LONDON — It was a tough week for the Brits with the clock ticking on Brexit and still no clarity on when, how or if the country will leave the European Union, and a fresh raft of U.S. tariffs on high-end goods from a long-running battle over aviation subsidies.
That didn’t sour the mood here — with the Frieze Art Fair buoyant and a series of related fashion, fine jewelry, design and interiors events taking place across town. The fair opened on Thursday and runs until Oct. 6.
“Frieze this year has been a good moment for us. Along with the visit of 15 Chinese collectors during the period, we also had a Charles Sandison solo show which attracted many key collectors,” said Hadrien de Montferrand, owner of HdM Gallery.
Brexit uncertainty, he added, has not yet impacted business, “even if some of our clients might take a little more time to make their decisions. Uncertainty is never a good thing.”
By contrast, he said the U.S.-China trade war has affected business Stateside. “We normally do the Chicago Art Fair. It is a really successful fair for us. This year we decided to cancel our participation because of a fear of tariffs.”
Designer and artist Anthony Symonds, who staged Frieze Art’s first fashion show on Thursday night, said showing at the fair opened his label Symonds Pearmain to a new audience.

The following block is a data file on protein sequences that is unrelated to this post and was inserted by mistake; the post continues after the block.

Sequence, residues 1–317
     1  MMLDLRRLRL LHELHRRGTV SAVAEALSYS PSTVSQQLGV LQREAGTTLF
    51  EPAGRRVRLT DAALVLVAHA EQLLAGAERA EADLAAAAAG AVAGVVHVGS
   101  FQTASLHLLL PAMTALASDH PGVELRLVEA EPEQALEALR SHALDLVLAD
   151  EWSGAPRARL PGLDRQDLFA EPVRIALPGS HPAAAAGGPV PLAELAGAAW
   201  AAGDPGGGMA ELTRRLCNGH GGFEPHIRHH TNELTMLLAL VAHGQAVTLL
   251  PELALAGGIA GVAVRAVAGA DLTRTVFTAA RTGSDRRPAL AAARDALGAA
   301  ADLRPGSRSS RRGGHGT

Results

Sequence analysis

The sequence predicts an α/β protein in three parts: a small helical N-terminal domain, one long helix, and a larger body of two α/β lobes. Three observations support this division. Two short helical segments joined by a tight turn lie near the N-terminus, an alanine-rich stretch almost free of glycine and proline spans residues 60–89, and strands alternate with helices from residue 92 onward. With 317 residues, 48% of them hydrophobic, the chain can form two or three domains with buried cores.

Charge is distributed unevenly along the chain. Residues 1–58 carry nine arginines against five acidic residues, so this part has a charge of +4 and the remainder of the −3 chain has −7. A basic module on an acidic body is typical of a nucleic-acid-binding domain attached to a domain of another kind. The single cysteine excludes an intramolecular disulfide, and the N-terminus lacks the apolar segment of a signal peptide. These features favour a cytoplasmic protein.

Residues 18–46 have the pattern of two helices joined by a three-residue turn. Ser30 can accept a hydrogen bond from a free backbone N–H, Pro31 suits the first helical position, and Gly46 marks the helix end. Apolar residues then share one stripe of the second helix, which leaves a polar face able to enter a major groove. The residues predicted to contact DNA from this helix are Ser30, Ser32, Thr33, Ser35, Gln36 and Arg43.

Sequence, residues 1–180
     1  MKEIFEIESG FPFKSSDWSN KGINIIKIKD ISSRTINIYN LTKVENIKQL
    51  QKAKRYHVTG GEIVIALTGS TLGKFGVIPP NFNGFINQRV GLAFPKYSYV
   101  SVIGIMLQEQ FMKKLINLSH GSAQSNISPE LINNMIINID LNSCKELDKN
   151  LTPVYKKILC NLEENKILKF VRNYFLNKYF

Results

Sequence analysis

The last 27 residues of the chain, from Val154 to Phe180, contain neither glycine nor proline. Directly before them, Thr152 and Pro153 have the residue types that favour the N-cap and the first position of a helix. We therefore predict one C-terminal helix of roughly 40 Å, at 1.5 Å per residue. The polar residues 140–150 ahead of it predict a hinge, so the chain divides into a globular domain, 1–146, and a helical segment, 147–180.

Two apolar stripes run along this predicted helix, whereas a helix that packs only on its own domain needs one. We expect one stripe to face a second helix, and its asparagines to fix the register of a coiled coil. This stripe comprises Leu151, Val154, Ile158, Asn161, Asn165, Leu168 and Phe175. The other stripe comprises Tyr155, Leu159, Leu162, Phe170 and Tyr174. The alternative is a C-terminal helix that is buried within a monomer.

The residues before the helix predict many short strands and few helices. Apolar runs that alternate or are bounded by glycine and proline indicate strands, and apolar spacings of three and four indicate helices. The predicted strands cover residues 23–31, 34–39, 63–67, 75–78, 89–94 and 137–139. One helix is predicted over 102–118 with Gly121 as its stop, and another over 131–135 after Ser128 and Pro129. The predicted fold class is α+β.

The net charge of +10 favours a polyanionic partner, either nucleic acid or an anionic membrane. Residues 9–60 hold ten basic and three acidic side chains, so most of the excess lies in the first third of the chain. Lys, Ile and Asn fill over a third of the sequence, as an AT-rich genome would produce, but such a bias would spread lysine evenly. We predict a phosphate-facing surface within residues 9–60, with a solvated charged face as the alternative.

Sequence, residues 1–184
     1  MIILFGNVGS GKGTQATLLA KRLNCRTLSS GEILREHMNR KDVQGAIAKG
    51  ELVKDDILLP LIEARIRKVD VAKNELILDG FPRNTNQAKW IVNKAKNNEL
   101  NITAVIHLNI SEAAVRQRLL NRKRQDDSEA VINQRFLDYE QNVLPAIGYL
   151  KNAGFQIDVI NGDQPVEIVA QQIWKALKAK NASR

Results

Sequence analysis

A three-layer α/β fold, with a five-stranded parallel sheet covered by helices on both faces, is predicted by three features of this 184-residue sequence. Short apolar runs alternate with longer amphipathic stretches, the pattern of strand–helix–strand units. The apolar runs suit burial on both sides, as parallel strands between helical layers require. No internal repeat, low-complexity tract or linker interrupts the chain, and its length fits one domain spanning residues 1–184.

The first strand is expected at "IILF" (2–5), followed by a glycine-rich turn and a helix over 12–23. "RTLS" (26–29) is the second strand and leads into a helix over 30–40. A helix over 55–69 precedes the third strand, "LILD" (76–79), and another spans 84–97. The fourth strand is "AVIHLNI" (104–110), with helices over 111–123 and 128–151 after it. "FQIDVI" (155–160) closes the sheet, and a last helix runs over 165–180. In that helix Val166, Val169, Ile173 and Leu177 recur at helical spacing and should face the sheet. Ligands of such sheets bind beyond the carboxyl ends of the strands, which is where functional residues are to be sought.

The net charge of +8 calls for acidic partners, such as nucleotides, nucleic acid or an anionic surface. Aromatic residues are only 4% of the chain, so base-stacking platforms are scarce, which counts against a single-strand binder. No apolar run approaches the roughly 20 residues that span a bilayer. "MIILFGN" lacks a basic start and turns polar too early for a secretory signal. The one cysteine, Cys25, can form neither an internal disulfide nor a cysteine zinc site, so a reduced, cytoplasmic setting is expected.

“There’s a particular energy here and it’s a way of reaching and starting a broader conversation with new voices,” said Symonds. “The art customer has a different attitude, and they are curious as they might be about an artwork, and will ask you all these different things,” he said.
The show was hosted in collaboration with Matchesfashion.com, which also invited creatives — including fashion editors, set designers and stylists — to take over the retailer’s account and present the art fair through their eyes.
U.S. Ambassador Robert Wood “Woody” Johnson captured the upbeat mood, arguing that artists and creatives generate prosperity.
“These smart people are thinking and challenging our current understanding of the way the world works — and that makes it better,” Johnson told guests from the worlds of art, fashion and luxury during a party at Winfield House, the ambassador’s residence in Regent’s Park.
Michael Ward, managing director of Harrods and chief executive officer of Walpole, Britain’s luxury lobby, said “fashion and the arts are so intertwined now” and each year they work together to boost Frieze.
Frieze definitely draws a more diverse crowd — and a wider age demographic — than London Fashion Week. It allows for more cross-pollination of ideas and for fashion types to flash another side of themselves.
During the week, Victoria Beckham worked with Sotheby’s on a show of Andy Warhol’s works at her Dover Street store and, during a party to mark the exhibition, hobnobbed with artists Takashi Murakami and Kaws. Kim Jones and Nikolai von Bismarck hosted a book signing for the The Dior Sessions, a collection of striking black-and-white portraits, shot in film, by von Bismarck.
On Thursday night, designer Bella Freud honored her late father, hosting a launch party for “Lucian Freud: A Life,” a visual biography of the artist (who loathed being photographed) at her store in Marylebone.
Freud filled the walls and tabletops with previously unpublished, intimate family photos and hosted a flood of friends and family, including her sister, the novelist Rose Boyt, Alexa Chung, Laura Bailey and David Dawson, the artist and Lucian Freud’s former assistant, who compiled the lush book with editor Mark Holborn.